The “triple constraint” is to project management as Newton’s Laws are to physics. “Better, faster, cheaper—choose two” is so ingrained in the canon that we don’t question its applicability. The phrase has become a rhetorical distraction to effective project management.
For many software projects, actively managing the triple constraint is not a relevant concern. This is not to say that time, cost and quality are not important. They are important project metrics. But, they are not inputs to a successful outcome.
Traditionally, project managers are taught to maximize scope subject to constraints on time, cost, and quality. The paradigm creates the expectation that we can mix precisely these priorities to yield a successful project. While the paint store can blend colors into a rainbow of discrete options; a project manager cannot similarly mix the variables precisely.
The triple constraint is an illustration of project management adopting engineering principles to model its eco-culture. Constrained optimization is found in engineering, manufacturing and economics and is an applied use of calculus. A familiar example is the farmer who seeks to maximize crop yield subject to limits on:
- Land (how much land is available),
- Labor (how many farmhands can be hired),
- Capital (how much money is available for machinery, seed, and fertilizer)
For software projects that share the following characteristics, the triple constraint does not need to be actively managed. The characteristics are:
- Duration is short and fixed. In other words, the implementation date is preordained.
- Scope is negotiable. Scope is defined as a set of prioritized function points to be implemented incrementally over time.
- Quality is defined as ‘good enough.’ Good enough software ships with an acceptable level of defects.
- Labor is the primary cost driver.
- The ability to effectively add additional resources is limited. This is a corollary to the teachings from the Mythical Man Month, adding resources to a short project will not result in significant productivity gains.
Competitive industries have very short product lifecycles. Firms in these industries will launch new product offerings quickly to stay ahead of their rivals. When I worked in telecommunications, we typically launched new products every quarter with smaller changes implemented monthly. In this environment:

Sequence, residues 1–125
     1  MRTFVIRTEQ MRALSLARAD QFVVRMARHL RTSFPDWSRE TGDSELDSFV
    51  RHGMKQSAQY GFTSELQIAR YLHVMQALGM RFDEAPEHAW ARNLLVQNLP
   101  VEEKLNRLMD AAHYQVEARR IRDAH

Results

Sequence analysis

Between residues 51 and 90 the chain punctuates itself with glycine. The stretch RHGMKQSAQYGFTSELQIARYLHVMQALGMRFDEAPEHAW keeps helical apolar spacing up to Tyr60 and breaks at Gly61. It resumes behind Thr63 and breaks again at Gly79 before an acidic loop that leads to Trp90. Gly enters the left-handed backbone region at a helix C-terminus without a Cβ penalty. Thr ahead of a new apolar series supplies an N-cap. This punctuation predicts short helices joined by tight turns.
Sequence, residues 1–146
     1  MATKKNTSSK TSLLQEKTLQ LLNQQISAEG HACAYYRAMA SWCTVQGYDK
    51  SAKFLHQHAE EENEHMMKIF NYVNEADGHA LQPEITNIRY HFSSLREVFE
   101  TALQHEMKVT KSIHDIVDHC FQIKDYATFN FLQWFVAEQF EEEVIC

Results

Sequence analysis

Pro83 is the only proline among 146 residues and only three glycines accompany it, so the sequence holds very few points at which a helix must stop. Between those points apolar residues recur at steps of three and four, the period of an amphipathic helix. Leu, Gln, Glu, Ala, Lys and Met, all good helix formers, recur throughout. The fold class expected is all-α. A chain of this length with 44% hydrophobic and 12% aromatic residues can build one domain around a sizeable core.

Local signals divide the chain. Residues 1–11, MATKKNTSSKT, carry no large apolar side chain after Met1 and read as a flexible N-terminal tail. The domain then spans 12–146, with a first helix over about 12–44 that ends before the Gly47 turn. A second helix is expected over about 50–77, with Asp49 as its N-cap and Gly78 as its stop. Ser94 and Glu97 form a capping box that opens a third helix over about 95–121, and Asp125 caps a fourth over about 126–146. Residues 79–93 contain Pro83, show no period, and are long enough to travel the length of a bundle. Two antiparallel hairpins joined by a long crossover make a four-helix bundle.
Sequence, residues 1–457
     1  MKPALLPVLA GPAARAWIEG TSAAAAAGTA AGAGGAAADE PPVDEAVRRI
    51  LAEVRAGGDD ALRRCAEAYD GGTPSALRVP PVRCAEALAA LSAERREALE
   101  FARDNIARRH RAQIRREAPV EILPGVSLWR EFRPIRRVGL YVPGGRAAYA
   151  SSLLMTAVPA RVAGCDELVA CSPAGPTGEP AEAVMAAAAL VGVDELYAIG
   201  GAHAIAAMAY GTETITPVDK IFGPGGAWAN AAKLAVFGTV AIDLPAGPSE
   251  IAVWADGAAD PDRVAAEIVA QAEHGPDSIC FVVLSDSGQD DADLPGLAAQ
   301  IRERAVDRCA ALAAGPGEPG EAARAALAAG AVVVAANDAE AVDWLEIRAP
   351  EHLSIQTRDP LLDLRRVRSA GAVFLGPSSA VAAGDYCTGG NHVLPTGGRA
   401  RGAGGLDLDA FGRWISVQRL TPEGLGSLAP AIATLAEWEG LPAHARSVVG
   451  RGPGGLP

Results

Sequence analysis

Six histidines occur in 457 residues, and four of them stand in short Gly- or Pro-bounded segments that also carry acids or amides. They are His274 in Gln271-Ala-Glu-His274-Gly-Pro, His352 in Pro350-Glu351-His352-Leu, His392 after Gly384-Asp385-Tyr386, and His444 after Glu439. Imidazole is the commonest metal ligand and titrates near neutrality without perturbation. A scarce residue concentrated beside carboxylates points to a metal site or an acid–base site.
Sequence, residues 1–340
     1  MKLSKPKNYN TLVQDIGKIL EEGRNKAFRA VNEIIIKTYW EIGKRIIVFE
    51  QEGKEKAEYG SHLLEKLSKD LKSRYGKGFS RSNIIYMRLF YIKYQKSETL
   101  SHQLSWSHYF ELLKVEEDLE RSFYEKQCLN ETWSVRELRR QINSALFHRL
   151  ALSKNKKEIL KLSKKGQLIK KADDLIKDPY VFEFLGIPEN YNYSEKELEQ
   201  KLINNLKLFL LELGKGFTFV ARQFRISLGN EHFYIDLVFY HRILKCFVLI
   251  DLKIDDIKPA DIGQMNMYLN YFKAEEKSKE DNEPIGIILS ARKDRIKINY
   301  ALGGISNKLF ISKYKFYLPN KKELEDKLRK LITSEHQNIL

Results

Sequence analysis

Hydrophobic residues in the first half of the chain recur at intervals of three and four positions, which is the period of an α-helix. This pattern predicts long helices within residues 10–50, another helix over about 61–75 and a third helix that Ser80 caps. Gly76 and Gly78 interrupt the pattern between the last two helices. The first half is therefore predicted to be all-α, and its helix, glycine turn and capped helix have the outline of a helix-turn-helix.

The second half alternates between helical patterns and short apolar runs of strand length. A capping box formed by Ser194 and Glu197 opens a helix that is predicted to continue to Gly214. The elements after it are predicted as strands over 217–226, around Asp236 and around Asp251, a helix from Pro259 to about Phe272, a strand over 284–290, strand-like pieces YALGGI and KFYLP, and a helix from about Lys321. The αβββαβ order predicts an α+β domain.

- Project durations were short, typically no more than four months, and implementation dates were fixed in advance to match marketing plans that had little flexibility.
- Labor was the primary project resource driver. New resources could be added over the course of multiple project cycles, but could not significantly contribute to the current project.
- Quality was defined as ‘good enough’ to implement. Order processing systems were critical to install new customers and network capabilities were critical to customer satisfaction. Downstream systems like billing and revenue reporting would often implement with known, non-critical defects.
Technology companies provide prime examples of competitive firms do not appear to be bound to the triple constraint. Apple has released 24 versions of iOS in the past 7 years. Waze, the mobile traffic and navigation app, released 11 updates in the last 18 months with bug fixes coming just a few days apart.
What are the implications of managing a project where the triple constraint is not relevant?
The project team no longer needs to worry about juggling the time, cost, and quality triangle. Rather, the focus shifts to the product being developed. Successful project teams are adept at quickly delivering software that meets the immediate needs and enhances its functionality over time. In other words, these projects conform to the principles in the Agile Manifesto.
The Agile movement and the Scrum methodology have incorporated this paradigm shift into their framework:
- Scrum teams have a fixed number of members.
- The product owner defines the minimum viable product that is developed over a series of sprints.
- The overall duration of the project is fixed with working software being developed and implemented in each sprint.
Released from the gravitational pull of the triple constraint, project managers and project teams can focus their energies on the primary goal of software development—delivering working product.
Next month, I will introduce an alternative paradigm for thinking about scope, time, cost, and quality.
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Bach, J. (1995). The Challenge of "Good Enough" Software. American Programmer. http://www.satisfice.com/articles/gooden2.pdf
Brooks, F. (1995). The mythical man-month: Essays on software engineering (Anniversary ed.). Addison-Wesley.
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"The Agile Manifesto." Wikipedia. Wikimedia Foundation, n.d. Web. 27 May 2015. http://en.wikipedia.org/wiki/Agile_software_development#The_Agile_Manifesto
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